Residents Brainstorm Mobile App

Residents Brainstorm Mobile App

Trauma Response Team partners with startup to develop an alert system, engagement tool

On a snowy Saturday morning last month, 18 residents gathered at Syracuse Community Connections. Participants helped themselves to some breakfast on one end of the room and took a seat at the tables filled with colored sharpies, black sheets of paper, name tags and stickers.

They were there for a workshop held by the Trauma Response Team (TRT) and the tech start-up Zivics. Most of the attendees were leaders in outreach programs and nonprofits. They all brainstormed ideas for a mobile app designed to send public safety alerts and engage with neighborhoods.

“We want to bring together people from different sides of town and build something for the community,” said TRT Director Timothy Jennings-Bey.

Syracuse had 1,009 violent crimes in 2017, a rate of 705 violent crimes per 100,000 residents, according to data from the FBI. By comparison, New York City has a violent crime rate of 539 for every 100,000 residents, and the average rate is 406 violent crimes per 100,000 residents for American cities over 50,000 people.

Last October, the city put out an official request calling for a better way to not only alert people of crimes nearby, but also help establish better relationships between residents and the city’s police.

“Right now, we have gun clusters, and we have a lot of people who are exposed to gun violence,” Jennings-Bey said. “We need to create a platform so that local residents and young people would feel comfortable in having a conversation about the trauma they experience.”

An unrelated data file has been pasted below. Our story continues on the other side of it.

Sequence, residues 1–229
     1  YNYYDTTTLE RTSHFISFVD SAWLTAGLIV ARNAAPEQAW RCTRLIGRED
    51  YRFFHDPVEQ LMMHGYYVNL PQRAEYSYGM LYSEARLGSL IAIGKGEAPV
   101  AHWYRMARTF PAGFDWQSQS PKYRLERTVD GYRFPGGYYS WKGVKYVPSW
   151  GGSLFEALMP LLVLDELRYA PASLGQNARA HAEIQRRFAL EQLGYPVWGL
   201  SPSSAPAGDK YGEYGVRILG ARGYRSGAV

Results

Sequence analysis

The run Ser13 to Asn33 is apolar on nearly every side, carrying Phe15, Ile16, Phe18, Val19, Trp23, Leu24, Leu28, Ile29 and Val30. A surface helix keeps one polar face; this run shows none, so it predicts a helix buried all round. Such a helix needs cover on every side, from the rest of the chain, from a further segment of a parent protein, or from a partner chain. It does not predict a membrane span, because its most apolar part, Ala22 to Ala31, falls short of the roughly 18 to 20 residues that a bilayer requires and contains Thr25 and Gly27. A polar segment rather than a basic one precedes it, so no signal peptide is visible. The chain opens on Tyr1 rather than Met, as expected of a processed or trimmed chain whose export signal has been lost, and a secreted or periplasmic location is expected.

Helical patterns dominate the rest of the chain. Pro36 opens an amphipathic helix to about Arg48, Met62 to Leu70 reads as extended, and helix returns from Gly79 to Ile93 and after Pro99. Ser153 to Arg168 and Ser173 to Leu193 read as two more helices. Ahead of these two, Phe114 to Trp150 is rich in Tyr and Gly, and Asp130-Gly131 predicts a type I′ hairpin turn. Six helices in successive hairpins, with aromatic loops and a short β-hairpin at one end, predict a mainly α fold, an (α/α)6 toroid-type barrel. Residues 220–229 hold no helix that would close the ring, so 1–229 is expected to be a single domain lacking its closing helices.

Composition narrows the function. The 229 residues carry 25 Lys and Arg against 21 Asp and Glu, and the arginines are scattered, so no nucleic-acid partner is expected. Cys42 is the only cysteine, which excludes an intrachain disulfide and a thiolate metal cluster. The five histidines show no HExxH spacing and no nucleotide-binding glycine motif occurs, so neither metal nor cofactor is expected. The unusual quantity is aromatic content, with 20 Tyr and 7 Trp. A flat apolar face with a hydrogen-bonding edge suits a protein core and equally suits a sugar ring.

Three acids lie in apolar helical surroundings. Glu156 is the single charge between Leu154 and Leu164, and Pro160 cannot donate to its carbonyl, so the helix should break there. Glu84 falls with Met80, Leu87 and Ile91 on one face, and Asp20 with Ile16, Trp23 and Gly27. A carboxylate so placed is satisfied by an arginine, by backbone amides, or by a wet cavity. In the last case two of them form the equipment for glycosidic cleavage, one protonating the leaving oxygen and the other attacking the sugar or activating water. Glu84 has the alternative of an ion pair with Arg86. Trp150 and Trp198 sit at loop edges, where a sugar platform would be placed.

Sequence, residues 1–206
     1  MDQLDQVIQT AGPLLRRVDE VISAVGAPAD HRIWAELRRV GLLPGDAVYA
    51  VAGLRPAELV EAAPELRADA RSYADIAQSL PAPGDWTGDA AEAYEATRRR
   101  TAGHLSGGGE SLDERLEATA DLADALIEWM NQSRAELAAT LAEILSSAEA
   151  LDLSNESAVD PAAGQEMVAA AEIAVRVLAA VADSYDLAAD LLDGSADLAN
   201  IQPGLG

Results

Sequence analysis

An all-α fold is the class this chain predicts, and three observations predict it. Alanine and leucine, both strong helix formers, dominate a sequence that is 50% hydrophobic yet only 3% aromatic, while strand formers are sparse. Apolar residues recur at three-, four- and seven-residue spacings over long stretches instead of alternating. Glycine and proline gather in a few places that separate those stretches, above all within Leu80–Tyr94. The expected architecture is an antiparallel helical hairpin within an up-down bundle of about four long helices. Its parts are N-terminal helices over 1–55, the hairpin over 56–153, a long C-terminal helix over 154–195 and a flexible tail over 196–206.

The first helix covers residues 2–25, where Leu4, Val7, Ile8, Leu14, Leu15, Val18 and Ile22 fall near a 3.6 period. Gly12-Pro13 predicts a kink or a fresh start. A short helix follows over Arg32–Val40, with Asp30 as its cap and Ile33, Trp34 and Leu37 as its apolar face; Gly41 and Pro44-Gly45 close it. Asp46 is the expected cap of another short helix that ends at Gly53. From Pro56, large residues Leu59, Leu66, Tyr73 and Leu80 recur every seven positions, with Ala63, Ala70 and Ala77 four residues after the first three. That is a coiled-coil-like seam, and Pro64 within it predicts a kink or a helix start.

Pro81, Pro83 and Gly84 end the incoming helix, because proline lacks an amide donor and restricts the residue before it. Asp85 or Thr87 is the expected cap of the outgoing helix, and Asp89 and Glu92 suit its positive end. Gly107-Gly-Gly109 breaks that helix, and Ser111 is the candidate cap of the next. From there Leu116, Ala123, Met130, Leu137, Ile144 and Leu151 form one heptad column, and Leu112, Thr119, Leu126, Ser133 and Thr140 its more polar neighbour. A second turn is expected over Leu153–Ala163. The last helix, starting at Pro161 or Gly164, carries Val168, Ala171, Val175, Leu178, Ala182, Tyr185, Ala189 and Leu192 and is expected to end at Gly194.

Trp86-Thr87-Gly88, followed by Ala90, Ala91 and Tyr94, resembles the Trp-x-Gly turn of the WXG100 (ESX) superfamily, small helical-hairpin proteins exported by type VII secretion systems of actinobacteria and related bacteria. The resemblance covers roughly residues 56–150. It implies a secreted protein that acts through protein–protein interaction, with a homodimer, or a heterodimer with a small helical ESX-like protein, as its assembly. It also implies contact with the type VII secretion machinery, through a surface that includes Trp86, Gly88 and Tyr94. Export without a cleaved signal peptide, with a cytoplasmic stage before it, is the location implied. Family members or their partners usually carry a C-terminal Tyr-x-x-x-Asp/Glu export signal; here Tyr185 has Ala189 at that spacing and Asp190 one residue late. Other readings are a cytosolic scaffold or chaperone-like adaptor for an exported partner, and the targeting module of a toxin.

When Syracuse University professor Adam Peruta heard about this initiative, he quickly sent a proposal and was chosen for the mobile app project. Peruta and his company, Zivics, has four months to design the mobile app. Once it’s launched, the city gets to use it for three months without charge and decide whether to fund the project. The company is looking into grants to receive more funding.

In collaboration with TRT, Peruta organized three community workshops to collect feedback and ideas from locals.

Peruta proposed the app to include an alert system and a feature that encourages positive engagement and involvement within the community. One idea is to create challenges for residents to complete. For example, participation in a neighborhood cleanup or attending community events. He suggested a reward system, where app users can earn points for completing such challenges. To brainstorm more ideas, residents split into teams and came up with their own pitches.

Each team wrote their ideas on large sheets of paper taped to the wall. At the end, attendees placed stickers next to ideas that they liked most.

Deborah Frett, a South Side resident, said the app idea is a quick, efficient way to inform residents when anything happens. Instead of hearing about shootings hours or sometimes days later, Frett thought the app can help people respond and get to safety quickly.

“An app is good because everybody is on their cell phones,” she said. “When that ‘ding’ comes in, they’ll automatically check on their phones to see what it is.”

Deborah Frett

Frett works at Arc of Onondaga, an organization helping people with disabilities in the community. She also volunteers as a member of Mothers Against Gun Violence. The 52-year-old sees the TRT app as an opportunity to educate families on how to respond to violence. She recommended an event to train kids on how to react when they hear gunshots.

“There are so many shootings nowadays,” Frett said. “The kids don’t know what to do when they hear a shooting. I’m an adult, and I don’t even know what I’d do. They need a safe spot to go to.”

David Hogan, outreach specialist at Syracuse Cure Violence (SNUG), suggested that the neighborhood challenges in the app should coincide with what’s happening in the community. Hogan said that neighborhood apps already exist, but the point is to get people to use, engage and build a community through the app.

“Going forward, I just really want to see it happen,” Hogan said. “I’d like to see it come together and have it serve its purpose.”

The next Community Co-Design Workshop with Trauma Response Team will be held from 5:30 to 7:30 p.m. Thursday, Feb. 28, at the Magnarelli Center, 2308 Grant Blvd.

— Article and photos by Weng Cheong, Staff Reporter